Philippine Airlines, also known as PAL, has finally received the green light to move forth with its ambitious expansion efforts in the United States after restoration to Category 1 by the Federal Aviation Administration earlier this year. Between 2008 and 2014, PAL was prohibited from changing aircraft gauge, adjusting flight frequency and adding new destinations in the United States after failing to comply with minimum safety standards set by the International Civil Aviation Organization (ICAO).
Within days of receiving clearance, PAL stated intentions to augment its number of US stations by adding service to New York, Chicago, Miami and San Diego, with hopes of either operating nonstop routes from its Manila base or via Canada. PAL currently operates nonstop service to Los Angeles, San Francisco, Honolulu and Guam from Manila, and also flies nonstop to Vancouver with continued service to Toronto three times per week.
PAL has loaded inventory for a new 4-weekly service to New York JFK airport, slated to commence on 15 March 2015. It will also be increasing its Toronto services from three to four weekly. PAL has already taken advantage of Category one liberalizations to upgauge capacity and frequency on routes to Guam, Honolulu, San Francisco and Los Angeles.
As I previously wrote:
Elsewhere in its existing network, PAL has already announced capacity adjustments. Its LAX flight is being up-gauged to a twice-daily route with three additional weekly frequencies. The 77W will replace the Boeing 747-400 and Airbus A340 used on the 11 current frequencies, but a spare Airbus A340 will be deployed to absorb the additional 3 weekly flights that are being added. San Francisco will remain daily, but its aircraft will also see the 747 phased out in favor of the 77W as well.
PAL is also allegedly more than doubling capacity to Guam (from 5 weekly to 14 weekly) and Honolulu (from 3 weekly to daily) as well as replacing its Honolulu route with a more fuel-efficient Airbus A330.
However, the tough reality PAL must face is that even with enhanced air traffic freedom between the Philippines and US, attempts to make flights to markets like New York and Chicago commercially viable will be extremely challenging, if not impossible. Moreover, PAL’s decision to deploy a fuel-inefficient Airbus A340-300 aircraft on its new route to New York JFK (which will operate via Vancouver in each direction) is particularly puzzling given that the airline has newer, more fuel-efficient 777-300ERs on order.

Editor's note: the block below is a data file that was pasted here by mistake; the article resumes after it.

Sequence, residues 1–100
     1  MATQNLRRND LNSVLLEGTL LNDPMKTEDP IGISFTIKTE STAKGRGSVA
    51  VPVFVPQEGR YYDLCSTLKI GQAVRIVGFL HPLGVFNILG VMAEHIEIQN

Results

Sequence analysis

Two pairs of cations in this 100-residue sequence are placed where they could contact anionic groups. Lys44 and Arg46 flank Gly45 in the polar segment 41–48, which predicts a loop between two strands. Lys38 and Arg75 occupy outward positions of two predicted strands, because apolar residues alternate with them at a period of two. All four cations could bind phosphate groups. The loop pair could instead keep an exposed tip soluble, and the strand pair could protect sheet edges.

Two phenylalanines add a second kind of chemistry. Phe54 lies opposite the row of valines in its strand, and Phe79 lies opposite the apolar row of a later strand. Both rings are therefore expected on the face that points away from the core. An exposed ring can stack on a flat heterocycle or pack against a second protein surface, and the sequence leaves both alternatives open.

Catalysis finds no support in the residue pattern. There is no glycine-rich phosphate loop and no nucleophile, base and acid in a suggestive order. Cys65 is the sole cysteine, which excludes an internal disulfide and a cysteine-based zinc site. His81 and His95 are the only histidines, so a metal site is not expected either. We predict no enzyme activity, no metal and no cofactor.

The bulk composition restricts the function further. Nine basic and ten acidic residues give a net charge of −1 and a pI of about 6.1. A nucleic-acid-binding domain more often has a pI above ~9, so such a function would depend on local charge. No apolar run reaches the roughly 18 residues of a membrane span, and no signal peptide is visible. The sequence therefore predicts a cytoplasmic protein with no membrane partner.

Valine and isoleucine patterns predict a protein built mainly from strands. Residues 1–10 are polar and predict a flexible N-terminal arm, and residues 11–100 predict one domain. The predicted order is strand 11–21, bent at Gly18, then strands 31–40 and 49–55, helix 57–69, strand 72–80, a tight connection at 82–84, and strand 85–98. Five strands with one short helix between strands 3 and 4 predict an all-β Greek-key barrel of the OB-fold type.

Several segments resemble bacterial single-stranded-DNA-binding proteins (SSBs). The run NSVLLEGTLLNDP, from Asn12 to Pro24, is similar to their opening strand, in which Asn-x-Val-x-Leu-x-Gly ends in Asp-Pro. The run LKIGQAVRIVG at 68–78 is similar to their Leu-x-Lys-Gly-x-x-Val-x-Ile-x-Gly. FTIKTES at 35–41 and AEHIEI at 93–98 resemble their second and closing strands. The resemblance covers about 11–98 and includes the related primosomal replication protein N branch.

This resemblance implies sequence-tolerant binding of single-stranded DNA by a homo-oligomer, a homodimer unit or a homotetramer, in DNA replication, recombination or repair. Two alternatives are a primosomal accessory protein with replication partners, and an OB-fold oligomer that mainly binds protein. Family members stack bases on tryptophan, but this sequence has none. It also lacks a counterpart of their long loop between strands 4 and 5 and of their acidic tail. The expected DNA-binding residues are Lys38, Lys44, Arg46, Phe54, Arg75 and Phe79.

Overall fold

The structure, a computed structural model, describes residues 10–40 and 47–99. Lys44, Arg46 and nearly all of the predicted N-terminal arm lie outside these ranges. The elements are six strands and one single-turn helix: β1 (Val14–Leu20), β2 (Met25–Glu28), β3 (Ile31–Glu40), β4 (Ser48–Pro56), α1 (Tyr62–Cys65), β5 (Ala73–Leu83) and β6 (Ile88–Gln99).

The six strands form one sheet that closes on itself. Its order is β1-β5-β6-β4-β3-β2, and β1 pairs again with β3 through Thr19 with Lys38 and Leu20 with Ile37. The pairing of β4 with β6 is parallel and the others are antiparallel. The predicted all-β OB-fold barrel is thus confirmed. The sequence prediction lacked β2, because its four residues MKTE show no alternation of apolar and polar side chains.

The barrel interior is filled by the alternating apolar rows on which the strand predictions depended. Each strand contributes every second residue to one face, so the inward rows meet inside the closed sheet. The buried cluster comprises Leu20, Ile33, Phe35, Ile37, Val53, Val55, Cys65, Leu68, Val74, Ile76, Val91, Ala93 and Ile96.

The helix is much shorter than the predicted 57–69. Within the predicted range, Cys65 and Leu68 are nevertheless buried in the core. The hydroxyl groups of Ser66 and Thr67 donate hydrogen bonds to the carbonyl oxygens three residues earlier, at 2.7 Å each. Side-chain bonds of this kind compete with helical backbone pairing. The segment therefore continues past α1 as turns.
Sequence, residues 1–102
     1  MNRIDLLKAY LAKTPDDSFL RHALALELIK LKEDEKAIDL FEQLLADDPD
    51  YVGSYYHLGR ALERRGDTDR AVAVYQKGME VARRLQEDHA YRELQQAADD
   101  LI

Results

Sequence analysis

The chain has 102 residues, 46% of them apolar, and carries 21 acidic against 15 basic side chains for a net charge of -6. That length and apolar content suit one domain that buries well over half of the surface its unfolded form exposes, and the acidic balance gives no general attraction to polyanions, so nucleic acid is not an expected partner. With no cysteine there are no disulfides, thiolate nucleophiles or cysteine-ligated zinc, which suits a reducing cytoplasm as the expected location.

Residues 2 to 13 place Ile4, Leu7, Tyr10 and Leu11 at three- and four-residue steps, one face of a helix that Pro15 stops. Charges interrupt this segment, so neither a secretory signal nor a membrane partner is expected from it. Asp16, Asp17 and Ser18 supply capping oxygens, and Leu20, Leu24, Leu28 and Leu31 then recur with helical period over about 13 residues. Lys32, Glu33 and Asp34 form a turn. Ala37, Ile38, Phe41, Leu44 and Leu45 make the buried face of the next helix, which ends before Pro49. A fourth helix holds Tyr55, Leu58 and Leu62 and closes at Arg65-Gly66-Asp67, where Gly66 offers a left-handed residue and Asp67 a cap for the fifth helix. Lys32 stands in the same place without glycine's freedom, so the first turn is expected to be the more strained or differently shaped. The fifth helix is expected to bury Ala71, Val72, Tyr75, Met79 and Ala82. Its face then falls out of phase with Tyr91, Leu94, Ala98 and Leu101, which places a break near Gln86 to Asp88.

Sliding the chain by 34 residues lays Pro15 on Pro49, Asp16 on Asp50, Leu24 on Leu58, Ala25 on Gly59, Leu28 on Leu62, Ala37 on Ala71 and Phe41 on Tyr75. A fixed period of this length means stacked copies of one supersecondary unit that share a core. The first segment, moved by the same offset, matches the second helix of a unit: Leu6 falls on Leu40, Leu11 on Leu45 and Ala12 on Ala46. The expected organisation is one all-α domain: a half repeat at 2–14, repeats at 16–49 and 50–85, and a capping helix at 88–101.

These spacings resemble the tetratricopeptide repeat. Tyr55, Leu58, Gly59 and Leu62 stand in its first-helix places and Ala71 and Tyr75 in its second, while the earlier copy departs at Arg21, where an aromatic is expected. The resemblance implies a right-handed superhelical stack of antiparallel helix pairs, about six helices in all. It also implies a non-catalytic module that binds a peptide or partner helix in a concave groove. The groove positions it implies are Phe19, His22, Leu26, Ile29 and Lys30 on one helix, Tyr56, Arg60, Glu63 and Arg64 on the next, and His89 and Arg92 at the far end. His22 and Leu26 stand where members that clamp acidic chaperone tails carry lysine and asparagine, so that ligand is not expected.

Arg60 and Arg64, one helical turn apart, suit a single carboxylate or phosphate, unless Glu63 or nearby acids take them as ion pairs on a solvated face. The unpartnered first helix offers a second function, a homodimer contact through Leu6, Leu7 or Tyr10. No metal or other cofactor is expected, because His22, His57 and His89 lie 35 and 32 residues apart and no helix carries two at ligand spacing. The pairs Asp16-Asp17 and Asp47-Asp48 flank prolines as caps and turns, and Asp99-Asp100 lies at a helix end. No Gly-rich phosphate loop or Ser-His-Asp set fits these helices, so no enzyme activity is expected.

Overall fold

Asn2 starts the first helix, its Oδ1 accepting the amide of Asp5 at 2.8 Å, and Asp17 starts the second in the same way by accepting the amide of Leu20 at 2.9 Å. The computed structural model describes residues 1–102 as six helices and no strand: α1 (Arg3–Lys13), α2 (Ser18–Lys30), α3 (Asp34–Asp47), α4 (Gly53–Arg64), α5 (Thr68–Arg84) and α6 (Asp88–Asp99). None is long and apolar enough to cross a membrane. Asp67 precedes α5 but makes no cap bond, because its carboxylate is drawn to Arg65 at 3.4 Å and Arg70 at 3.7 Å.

Given the low-yielding nature of US-Filipino traffic, along with the glut of existing competition from Asian and Middle Eastern carriers, it may be more practical for PAL to reserve its widebody planes for medium-haul routes and consider partnering with a code-share carrier, or perhaps join a major global alliance, to grant it offline access to markets such as New York and beyond.
PAL returns to New York, this time from JFK, in March 2015 after an 18 year hiatus
PAL last served the New York market in 1997, operating a thrice weekly Manila – Vancouver – Newark routing on a MD-11. The route became a casualty of the Asian Economic Crisis of the late 1990s, and its absence was sustained during later years due to continued downturn in the global economy post 9/11, SARS, the 2005 Asian tsunami, the Global Financial Crisis and then leading up until PAL’s placement under Category 2 restrictions in 2008.
PAL has opted to fly into New York JFK airport this time around, although the technical stop in Vancouver will remain the same. Interestingly, PAL is utilizing the same flight numbers on its JFK route as it did back in 1997 with the former Newark route:
- PR126 MNL2350 – 2050YVR2250 – 0700+1JFK 343 x135
- PR127 JFK1100 – 1350YVR1520 – 2035+1MNL 343 x246
Canada’s previous bilateral agreements with the Philippines enabled PAL to operate 7 weekly frequencies between the two countries. Of these, 3 of the weekly services from Manila to Vancouver presently continue onward to Toronto, operated on a Boeing 777-300ER aircraft, PAL’s newest long-haul widebody plane.